The concept of energy is considered difficult to teach and some of its possible misconceptions have been addressed in the literature. There are grounds for assuming that this concept is particularly problematic in the study of biology owing to the difficulty in grasping that principles which govern the non-living world are capable of explaining the mystery of life. The present study addressed the possible connection between misconceptions regarding energy in biological systems and a vitalistic notion of biology. Specifically, 76 high school seniors and 28 biology teachers were assessed with regard to: their conception of biological phenomena (scientific vs. vitalistic); their understanding of the concept of energy in a biological context; and the correlation between the two conceptions. The results point to a strong correspondence between the ability to understand energy in biological phenomena and adherence to scientifically oriented conceptions of biology. They suggest that the conception of energy influences the conception of biology, although an effect in the opposite direction cannot be ruled out. Recommendations are made to base biology curriculum on the second law of thermodynamics, so as to promote a scientific understanding of the concept of energy and hence of biology in general.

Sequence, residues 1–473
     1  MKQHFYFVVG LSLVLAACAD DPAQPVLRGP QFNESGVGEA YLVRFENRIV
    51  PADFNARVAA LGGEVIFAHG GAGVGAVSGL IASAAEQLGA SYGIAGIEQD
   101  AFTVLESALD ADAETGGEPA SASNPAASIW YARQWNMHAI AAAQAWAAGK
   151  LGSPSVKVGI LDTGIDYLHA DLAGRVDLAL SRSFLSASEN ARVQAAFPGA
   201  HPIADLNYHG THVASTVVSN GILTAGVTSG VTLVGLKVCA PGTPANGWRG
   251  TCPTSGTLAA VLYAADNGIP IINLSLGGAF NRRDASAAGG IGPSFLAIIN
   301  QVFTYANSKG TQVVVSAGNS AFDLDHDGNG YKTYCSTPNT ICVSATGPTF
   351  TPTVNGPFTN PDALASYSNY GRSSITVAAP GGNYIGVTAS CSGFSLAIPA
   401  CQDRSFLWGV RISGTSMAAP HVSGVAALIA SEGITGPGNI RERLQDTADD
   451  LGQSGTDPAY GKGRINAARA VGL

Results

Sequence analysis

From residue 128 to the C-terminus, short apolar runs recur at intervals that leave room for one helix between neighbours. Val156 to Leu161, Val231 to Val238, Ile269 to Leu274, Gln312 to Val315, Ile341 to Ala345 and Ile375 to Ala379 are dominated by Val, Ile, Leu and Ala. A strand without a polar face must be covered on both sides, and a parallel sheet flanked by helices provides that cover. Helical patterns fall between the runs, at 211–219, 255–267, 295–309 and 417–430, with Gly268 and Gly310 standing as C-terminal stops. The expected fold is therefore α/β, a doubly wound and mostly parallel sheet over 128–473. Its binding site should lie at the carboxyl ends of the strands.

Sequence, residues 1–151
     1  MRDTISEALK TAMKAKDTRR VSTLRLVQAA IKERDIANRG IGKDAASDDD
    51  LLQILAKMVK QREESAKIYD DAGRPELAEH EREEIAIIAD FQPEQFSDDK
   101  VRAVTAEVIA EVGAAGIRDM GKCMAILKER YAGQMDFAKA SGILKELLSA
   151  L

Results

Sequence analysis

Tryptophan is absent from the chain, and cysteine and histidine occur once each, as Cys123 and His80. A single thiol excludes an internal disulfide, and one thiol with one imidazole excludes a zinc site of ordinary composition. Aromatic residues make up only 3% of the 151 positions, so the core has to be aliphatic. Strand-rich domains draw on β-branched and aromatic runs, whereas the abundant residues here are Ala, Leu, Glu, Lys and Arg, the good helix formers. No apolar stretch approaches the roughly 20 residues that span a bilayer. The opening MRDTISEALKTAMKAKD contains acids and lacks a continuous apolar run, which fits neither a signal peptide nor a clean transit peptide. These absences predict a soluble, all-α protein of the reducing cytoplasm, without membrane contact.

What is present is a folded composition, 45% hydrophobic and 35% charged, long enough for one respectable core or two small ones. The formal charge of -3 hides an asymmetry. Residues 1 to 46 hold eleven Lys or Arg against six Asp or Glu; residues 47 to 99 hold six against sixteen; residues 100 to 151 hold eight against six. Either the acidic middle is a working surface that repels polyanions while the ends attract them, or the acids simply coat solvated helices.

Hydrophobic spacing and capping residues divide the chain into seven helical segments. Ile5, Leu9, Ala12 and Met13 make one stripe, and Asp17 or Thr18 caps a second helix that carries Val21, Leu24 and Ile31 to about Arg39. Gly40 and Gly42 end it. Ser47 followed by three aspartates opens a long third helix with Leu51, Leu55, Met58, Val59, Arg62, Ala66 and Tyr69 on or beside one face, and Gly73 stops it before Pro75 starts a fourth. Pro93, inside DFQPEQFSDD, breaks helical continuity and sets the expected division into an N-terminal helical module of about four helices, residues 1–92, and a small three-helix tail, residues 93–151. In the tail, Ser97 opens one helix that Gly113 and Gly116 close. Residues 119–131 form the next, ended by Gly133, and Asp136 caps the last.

|Number of pages||10|
|Journal||International Journal of Science Education|
|State||Published - 1 Jan 1997|
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